Mining Heterogeneous Multidimensional Sequential Data: An Application to the Analysis of Patient Healthcare Trajectories

Elias Egho 1
1 ORPAILLEUR - Knowledge representation, reasonning
Inria Nancy - Grand Est, LORIA - NLPKD - Department of Natural Language Processing & Knowledge Discovery
Abstract : All domains of science and technology produce large and heterogeneous data. Although a lot of work was done in this area, mining such data is still a challenge. No previous research work targets the mining of heterogeneous multidimensional sequential data. This thesis proposes a contribution to knowledge discovery in heterogeneous sequential data. We study three different research directions: (i) Extractionof sequential patterns, (ii) Classification and (iii) Clustering of sequential data. Firstly we generalize the notion of a multidimensional sequence by considering complex and heterogeneous sequential structure. We present a new approach called MMISP to extract sequential patterns from heterogeneous sequential data. MMISP generates a large number of sequential patterns as this is usually the case for pattern enumeration algorithms. To overcome this problem, we propose a novel way of considering heterogeneous multidimensional sequences by mapping them into pattern structures. We develop a framework for enumerating only patterns satisfying given constraints. The second research direction is in concern with the classification of heterogeneous multidimensional sequences. We use Formal Concept Analysis (FCA) as a classification method. We show interesting properties of concept lattices and of stability index to classify sequences into a concept lattice and to select some interesting groups of sequences. The third research direction in this thesis is in concern with the clustering of heterogeneous multidimensional sequential data. We focus on the notion of common subsequences to define similarity between a pair of sequences composed of a list of itemsets. We use this similarity measure to build a similarity matrix between sequences and to separate them in different groups. In this work, we present theoretical results and an efficient dynamic programming algorithm to count the number of common subsequences between two sequences without enumerating all subsequences. The system resulting from this research work was applied to analyze and mine patient healthcare trajectories in oncology. Data are taken from a medicoadministrative database including all information about the hospitalizations of patients in Lorraine Region (France). The system allows to identify and characterize episodes of care for specific sets of patients. Results were discussed and validated with domain experts.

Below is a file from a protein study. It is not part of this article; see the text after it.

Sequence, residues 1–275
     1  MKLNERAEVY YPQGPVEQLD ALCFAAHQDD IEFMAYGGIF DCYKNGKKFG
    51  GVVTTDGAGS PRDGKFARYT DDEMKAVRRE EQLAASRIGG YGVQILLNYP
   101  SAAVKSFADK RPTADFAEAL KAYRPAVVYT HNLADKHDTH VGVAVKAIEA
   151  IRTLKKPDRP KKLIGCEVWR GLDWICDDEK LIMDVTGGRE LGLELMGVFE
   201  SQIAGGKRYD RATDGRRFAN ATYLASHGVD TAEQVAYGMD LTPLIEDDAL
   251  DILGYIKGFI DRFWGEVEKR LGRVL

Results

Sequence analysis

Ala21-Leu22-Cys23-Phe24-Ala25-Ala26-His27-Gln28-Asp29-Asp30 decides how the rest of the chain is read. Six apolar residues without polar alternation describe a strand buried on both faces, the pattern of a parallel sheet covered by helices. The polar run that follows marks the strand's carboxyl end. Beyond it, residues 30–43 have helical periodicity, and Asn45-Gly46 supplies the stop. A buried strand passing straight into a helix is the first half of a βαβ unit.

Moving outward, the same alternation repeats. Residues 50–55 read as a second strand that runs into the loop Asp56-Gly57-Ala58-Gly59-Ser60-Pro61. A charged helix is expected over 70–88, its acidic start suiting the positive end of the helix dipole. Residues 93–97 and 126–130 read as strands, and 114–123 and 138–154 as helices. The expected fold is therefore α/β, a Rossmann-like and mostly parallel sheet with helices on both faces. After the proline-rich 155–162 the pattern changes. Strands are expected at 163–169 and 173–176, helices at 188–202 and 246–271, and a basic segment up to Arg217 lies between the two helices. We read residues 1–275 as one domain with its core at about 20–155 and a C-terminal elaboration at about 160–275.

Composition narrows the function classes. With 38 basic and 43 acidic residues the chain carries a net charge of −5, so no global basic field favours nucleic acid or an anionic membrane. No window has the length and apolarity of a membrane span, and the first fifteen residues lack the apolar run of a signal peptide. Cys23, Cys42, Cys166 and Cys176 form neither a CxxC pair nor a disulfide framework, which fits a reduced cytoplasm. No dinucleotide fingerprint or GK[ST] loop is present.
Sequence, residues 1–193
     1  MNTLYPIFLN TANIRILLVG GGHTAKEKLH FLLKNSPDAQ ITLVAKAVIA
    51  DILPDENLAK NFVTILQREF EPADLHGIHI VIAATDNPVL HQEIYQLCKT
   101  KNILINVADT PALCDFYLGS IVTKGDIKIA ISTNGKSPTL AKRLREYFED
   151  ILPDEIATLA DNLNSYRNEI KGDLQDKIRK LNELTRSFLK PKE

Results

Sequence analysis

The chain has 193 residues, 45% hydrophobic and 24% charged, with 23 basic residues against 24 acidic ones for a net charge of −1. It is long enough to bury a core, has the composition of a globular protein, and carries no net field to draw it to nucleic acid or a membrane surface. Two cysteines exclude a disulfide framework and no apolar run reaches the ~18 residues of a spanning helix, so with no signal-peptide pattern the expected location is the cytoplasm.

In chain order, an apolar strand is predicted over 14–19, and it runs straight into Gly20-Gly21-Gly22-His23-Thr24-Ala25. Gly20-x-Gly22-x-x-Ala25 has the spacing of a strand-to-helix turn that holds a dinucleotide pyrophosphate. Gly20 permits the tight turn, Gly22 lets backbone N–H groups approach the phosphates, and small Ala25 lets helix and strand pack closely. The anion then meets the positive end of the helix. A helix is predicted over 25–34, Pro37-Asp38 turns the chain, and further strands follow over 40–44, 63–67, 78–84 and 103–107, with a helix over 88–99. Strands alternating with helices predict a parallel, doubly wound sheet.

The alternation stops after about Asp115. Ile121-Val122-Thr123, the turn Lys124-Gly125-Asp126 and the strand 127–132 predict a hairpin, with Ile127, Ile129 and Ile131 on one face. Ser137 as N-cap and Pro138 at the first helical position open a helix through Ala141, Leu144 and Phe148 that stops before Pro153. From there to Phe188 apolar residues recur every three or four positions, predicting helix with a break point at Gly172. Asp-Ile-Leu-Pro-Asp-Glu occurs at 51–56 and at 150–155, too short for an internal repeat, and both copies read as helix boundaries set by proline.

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Elias Egho. Mining Heterogeneous Multidimensional Sequential Data: An Application to the Analysis of Patient Healthcare Trajectories. Other [cs.OH]. Université de Lorraine, 2014. English. ⟨tel-01094400⟩

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